Thailand’s army moves to allay coup fears
Thailand’s powerful but politicized army sought to ease fears, it might step in to resolve a festering political crisis, while anti-government protesters entrenched positions around Bangkok as they seek to disrupt a February election.
The latest round of an alltoo-familiar political conflict in Thailand has dragged on for weeks. It flared last week into deadly clashes between police and protesters outside a stadium where registration for the February 2 poll was under way and at other rally sites around the Thai capital.
The head of the military added to the growing sense of unease on Thursday when he refused to rule out a coup after those clashes. A policeman and a protester were killed when an unidentified gunman opened fire, and scores were wounded in the clashes.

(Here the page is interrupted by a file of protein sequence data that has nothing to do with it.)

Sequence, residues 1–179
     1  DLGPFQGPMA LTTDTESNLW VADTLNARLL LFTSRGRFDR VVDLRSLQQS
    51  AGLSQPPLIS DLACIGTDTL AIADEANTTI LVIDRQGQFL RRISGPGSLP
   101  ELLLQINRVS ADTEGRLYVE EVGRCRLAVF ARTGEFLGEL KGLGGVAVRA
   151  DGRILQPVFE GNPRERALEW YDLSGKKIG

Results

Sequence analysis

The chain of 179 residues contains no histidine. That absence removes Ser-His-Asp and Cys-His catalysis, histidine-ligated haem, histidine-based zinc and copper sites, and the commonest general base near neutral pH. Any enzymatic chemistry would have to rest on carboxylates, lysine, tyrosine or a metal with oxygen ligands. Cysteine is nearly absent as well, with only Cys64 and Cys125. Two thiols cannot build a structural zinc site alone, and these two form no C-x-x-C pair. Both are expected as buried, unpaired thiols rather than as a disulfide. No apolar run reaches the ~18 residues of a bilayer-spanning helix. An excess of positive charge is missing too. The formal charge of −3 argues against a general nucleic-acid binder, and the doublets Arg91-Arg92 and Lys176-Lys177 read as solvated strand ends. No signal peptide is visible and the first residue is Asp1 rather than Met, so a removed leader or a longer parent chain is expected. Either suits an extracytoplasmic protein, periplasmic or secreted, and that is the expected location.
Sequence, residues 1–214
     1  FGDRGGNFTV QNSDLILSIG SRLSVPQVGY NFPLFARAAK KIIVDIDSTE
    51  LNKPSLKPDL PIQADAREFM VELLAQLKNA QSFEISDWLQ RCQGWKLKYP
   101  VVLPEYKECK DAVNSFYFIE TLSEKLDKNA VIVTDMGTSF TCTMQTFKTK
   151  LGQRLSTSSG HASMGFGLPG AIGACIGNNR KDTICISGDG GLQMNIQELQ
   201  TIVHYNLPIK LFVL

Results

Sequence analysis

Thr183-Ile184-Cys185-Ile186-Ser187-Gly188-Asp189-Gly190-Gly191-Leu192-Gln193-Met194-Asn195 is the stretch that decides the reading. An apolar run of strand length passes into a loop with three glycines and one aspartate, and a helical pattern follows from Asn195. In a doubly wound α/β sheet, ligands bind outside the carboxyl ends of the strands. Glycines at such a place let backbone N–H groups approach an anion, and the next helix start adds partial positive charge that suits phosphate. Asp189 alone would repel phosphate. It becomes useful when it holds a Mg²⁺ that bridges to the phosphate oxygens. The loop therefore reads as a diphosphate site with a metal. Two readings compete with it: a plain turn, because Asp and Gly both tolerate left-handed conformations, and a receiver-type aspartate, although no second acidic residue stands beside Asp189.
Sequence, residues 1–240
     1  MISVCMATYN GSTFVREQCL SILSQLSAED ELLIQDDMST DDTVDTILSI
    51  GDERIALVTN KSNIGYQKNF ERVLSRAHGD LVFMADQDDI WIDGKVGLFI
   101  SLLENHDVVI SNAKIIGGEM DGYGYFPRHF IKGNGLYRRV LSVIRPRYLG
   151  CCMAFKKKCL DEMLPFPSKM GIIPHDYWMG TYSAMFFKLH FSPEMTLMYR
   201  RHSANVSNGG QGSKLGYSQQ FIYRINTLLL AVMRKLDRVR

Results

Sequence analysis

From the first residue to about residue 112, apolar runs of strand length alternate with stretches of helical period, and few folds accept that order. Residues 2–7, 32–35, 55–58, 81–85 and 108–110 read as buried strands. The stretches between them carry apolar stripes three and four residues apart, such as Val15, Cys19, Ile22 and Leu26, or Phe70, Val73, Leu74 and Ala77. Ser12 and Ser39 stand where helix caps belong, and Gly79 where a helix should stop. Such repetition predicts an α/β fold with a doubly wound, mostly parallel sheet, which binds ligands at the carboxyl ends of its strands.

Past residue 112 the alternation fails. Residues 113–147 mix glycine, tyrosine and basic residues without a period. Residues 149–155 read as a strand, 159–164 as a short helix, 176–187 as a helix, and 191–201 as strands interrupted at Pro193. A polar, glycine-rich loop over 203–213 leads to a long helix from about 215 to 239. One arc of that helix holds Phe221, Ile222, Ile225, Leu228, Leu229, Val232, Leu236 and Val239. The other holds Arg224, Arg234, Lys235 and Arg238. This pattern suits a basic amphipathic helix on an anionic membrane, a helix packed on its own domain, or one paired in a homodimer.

The demonstrators are determined to topple Prime Minister Yingluck Shinawatra, who they accuse of being a puppet of her self-exiled brother and former premier, Thaksin Shinawatra.
Thai army chief General Prayuth Chan-Ocha said after Thursday’s clashes that “the door was neither open nor closed” on a coup, and social media across Thailand has buzzed with rumors of a coup ever since.
Army spokesman Winthai Suwaree sought to play down those fears, telling reporters on Monday that the rumors were causing “confusion and speculation”.
“The army would like to insist there’s no secret meetings or any operations by the military as speculated,” Winthai said.
Until last week, the military had sought to remain aloof from the conflict, which represents years of rivalry between Bangkok’s middle class and royalist establishment and the mostly poor, rural supporters of Yingluck and Thaksin in the populous north and northeast.—Reuters